Fall vs. Spring Turkey Hunting
By: Dylan Hayward
A common topic amongst avid turkey hunters is how the fall season compares to the spring season. There’s no doubt that spring turkey has a unique form of excitement due to the peak breeding season.
Calling is extremely effective during the spring season, but there’s something really great about being able to hunt deer and turkey in the same season, and generally speaking, there’s a lot of crossover with the hunts.
I feel hunters can often overlook how productive fall turkey season can be, because they are so focused on prime deer hunting, which is understandable.
However, fall turkey season can be a great way to scratch that turkey itch in October and November. It can also give hunters another chance to fill their turkey tag if they missed their shot in the spring.
As the spring turkey season is fastly approaching, it’s hard not to think of all of the exciting moments that come with it.
The toms will be eager to find a hen to breed, thus making them extremely susceptible to calling from hunters.
Being able to communicate with the tom and draw him in little by little is one of the reasons that spring turkey is so special. There’s a connection with nature that comes with calling spring turkeys that is unmatched by any other hunt I have been on.
Sure, you can call deer with grunt tubes and you can get bugling elk to react to your cow calls, but the back and forth with turkeys has no other comparison.
While fall turkey season has its pros, the activity and intensity that comes with the spring season makes it one of the most exciting and challenging hunts out there.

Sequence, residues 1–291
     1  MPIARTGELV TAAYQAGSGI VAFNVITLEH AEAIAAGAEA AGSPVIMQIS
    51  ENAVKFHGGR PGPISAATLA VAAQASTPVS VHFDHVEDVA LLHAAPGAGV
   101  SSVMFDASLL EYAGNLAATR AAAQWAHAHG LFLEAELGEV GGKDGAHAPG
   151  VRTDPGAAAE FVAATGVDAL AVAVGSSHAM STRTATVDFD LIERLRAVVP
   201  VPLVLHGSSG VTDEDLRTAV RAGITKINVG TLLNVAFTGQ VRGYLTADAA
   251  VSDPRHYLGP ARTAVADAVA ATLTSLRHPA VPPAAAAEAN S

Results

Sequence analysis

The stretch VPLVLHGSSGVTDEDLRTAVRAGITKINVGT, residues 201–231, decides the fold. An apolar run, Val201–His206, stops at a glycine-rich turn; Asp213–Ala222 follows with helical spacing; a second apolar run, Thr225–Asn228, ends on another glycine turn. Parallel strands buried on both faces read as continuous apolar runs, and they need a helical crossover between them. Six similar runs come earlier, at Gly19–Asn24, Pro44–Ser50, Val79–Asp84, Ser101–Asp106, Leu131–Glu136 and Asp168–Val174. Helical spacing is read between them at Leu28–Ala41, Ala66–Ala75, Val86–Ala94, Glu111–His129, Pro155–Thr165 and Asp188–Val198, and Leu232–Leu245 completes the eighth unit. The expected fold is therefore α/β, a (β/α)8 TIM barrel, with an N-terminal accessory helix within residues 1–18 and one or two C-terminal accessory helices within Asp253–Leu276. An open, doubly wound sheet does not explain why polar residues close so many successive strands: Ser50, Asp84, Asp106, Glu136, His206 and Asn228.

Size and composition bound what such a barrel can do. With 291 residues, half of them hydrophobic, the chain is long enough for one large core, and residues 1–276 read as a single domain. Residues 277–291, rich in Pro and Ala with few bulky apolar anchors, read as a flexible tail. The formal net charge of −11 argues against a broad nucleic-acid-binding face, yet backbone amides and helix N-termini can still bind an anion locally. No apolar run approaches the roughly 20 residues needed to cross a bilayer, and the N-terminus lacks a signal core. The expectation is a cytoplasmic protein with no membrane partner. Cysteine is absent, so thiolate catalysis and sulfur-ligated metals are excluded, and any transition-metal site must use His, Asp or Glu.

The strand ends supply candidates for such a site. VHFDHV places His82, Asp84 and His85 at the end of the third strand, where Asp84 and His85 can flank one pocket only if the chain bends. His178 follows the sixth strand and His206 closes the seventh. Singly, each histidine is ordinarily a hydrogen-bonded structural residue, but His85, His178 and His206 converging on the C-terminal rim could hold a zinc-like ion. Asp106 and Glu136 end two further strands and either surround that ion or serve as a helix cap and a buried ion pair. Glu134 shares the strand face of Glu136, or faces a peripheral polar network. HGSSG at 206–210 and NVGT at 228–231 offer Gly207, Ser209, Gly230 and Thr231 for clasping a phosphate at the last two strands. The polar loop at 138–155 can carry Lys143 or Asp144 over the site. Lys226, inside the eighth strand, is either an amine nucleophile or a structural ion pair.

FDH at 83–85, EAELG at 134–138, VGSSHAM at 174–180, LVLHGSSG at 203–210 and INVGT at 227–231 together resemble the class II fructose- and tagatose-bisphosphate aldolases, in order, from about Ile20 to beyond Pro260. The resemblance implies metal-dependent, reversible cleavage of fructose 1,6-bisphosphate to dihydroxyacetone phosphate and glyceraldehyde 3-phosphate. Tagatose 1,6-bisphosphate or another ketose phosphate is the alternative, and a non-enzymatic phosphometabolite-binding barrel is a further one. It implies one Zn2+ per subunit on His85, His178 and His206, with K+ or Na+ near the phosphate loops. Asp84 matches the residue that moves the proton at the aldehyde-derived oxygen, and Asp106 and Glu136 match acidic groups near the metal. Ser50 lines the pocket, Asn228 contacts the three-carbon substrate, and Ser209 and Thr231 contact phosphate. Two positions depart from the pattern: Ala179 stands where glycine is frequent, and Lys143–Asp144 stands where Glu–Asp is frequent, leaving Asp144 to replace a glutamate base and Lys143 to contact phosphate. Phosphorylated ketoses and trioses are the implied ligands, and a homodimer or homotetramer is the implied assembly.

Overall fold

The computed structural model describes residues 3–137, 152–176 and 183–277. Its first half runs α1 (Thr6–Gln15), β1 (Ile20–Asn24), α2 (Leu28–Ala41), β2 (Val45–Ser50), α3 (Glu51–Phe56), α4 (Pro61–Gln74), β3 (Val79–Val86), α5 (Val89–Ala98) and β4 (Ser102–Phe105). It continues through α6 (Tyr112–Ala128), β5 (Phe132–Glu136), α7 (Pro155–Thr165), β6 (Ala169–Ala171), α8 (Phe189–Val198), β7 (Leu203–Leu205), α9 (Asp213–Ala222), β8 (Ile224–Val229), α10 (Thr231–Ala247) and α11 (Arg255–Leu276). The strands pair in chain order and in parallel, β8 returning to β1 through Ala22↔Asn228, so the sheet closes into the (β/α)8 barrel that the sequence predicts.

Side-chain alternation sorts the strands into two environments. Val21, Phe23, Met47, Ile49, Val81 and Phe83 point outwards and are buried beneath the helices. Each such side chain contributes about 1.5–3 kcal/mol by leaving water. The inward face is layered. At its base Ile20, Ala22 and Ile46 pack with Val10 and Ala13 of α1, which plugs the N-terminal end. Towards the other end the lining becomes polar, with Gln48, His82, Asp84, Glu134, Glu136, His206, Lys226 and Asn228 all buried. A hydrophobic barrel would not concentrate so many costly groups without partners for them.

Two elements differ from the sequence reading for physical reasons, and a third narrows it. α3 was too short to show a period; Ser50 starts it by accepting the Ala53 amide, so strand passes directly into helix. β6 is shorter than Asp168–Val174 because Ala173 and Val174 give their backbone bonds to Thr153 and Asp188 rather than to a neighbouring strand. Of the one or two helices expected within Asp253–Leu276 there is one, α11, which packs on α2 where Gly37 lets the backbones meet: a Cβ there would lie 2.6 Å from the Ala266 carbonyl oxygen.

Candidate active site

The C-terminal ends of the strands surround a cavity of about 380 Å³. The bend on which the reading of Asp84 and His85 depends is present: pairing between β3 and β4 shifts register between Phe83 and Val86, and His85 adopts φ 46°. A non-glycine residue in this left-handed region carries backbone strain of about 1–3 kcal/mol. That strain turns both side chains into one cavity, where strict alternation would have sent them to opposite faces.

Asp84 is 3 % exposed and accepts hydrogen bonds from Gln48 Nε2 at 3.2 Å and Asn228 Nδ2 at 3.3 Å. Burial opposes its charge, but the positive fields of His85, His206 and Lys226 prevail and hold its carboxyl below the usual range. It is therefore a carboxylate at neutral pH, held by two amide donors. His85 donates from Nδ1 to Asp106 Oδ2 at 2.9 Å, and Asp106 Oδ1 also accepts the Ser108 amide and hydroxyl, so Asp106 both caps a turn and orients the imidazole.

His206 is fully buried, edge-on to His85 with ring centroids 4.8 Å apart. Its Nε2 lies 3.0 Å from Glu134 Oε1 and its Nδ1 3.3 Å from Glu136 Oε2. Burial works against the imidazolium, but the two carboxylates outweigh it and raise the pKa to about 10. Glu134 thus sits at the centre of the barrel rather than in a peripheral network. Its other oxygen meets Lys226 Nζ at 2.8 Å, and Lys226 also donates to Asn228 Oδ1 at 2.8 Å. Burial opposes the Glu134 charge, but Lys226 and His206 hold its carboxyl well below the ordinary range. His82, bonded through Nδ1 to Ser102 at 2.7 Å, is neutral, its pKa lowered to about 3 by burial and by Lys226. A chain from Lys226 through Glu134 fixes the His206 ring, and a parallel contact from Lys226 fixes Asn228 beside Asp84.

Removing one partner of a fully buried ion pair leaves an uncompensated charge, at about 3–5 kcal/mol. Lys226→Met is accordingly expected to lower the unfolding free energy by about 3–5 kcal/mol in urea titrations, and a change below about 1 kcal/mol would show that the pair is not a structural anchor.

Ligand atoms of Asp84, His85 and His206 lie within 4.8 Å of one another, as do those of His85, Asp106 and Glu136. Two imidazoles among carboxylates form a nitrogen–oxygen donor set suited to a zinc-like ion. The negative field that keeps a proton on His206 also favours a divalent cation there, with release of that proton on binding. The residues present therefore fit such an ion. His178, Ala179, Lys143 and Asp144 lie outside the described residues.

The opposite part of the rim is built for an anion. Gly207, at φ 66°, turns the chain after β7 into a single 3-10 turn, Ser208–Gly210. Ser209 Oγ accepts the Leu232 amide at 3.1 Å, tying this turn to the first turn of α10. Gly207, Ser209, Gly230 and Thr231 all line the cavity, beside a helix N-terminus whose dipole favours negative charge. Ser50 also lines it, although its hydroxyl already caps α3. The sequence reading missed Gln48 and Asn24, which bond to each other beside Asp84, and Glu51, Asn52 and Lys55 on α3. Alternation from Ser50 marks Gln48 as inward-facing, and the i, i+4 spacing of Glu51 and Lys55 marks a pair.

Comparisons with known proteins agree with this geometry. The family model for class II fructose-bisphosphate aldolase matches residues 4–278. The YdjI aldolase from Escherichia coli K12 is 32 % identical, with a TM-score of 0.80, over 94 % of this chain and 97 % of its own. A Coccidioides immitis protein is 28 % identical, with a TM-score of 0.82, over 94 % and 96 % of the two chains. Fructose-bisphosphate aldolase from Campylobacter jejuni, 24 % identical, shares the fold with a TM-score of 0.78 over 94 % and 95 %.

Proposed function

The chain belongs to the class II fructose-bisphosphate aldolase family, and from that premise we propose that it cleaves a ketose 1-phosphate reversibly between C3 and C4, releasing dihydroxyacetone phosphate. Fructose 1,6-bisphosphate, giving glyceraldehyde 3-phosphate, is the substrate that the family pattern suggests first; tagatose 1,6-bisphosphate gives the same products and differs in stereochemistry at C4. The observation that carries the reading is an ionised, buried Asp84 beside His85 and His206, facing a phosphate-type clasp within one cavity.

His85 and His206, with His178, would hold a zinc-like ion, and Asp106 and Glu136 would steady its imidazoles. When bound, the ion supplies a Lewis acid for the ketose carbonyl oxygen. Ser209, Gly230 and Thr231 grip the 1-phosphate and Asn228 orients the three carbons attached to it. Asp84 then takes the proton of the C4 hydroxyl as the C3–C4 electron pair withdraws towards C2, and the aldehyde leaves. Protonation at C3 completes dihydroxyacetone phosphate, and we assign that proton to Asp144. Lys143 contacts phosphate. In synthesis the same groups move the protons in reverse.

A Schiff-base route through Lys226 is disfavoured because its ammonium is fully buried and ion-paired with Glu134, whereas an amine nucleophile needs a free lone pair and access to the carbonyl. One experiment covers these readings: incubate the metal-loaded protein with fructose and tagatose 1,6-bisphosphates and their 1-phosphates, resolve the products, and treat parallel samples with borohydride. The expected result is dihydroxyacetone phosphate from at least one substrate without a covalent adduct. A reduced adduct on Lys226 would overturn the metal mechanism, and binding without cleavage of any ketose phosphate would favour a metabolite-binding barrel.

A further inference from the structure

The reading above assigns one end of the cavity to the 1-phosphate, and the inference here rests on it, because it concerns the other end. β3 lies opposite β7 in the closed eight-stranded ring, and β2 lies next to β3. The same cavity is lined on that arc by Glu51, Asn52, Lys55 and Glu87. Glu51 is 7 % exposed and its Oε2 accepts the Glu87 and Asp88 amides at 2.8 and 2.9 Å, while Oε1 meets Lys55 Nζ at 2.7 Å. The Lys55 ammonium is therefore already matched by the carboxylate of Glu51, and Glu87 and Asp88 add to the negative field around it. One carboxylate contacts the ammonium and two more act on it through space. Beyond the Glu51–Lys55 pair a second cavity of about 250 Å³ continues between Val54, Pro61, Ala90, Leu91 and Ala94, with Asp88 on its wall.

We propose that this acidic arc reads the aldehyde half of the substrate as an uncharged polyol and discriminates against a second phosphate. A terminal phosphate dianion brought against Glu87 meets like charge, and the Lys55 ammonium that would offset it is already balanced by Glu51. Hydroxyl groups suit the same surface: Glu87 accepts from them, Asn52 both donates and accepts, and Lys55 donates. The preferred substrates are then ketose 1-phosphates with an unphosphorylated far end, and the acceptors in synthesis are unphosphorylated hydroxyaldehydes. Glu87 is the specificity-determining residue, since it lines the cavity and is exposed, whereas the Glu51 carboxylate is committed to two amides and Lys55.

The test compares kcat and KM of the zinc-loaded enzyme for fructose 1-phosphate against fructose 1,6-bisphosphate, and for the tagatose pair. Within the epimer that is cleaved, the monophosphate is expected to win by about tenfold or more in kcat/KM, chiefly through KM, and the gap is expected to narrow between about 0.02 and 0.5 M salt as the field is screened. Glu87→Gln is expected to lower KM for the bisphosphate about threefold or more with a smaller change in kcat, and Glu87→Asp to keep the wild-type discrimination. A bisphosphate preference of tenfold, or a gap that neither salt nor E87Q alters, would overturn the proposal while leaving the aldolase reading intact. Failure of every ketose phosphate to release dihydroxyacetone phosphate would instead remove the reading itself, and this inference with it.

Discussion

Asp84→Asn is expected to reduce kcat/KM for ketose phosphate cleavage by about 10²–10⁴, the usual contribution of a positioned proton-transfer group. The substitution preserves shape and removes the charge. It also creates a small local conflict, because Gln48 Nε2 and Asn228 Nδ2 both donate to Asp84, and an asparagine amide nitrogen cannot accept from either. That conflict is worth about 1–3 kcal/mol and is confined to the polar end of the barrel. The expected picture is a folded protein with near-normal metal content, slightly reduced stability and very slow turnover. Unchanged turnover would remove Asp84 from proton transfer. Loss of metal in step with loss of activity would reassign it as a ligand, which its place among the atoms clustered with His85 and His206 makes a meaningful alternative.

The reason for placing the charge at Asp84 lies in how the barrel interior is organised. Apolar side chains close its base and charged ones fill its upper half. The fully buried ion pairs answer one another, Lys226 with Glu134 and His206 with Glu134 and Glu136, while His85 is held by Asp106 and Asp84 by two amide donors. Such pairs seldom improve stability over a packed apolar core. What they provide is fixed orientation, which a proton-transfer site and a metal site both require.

Spring turkey season requires much more strategy than the fall season.
Fall turkey season starts towards the middle of October in most states and can run as late as the end of December in some states.
While it’s generally much easier to find turkey flocks in the spring due to the thunderous sound of gobbles echoing throughout the woods, fall flocks can be a lot more challenging to spot.
Spring turkeys will typically roost in the same general area, which could consist within only a few acres. During the fall, turkeys expand their range dramatically, sometimes traveling over 400 acres.
One of the keys to hunting fall turkeys is to focus heavily on preseason scouting.
In order to scout for fall turkeys, you need to locate a primary food source. A good food source to scout would be a cut grain field or a green food plot that will allow turkeys to feed on bugs and other insects.
When I am scouting for fall turkeys, one of the key signs I search for are turkey feathers in my food plots, along grassy logging roads or cut bean fields.
Another promising sign to look for is turkey scratching. Turkey scratches are typically made in a V shape and will likely have claw marks throughout them.
This will create bare ground with leaves or other debris pushed up around it. Turkey scratches are often about 10 to 12 inches long but can vary depending on the age of the bird, or whether it was done by a hen or a tom.
If you can find a scratch that looks like multiple turkeys have scratched on top of it, you are likely in a good spot.
Both fall and spring turkey season have their benefits. Both offer a different set of challenges that will make the hunt that much more rewarding when you do punch your tag on that longbeard you have been chasing after.
Whether you’re hunting spring or fall, make sure you have a plan going in.
The great philosopher Lucius Seneca said, “Luck is what happens when preparation meets opportunity.”
If you go in with a plan, chances are you’ll get an opportunity at a bird.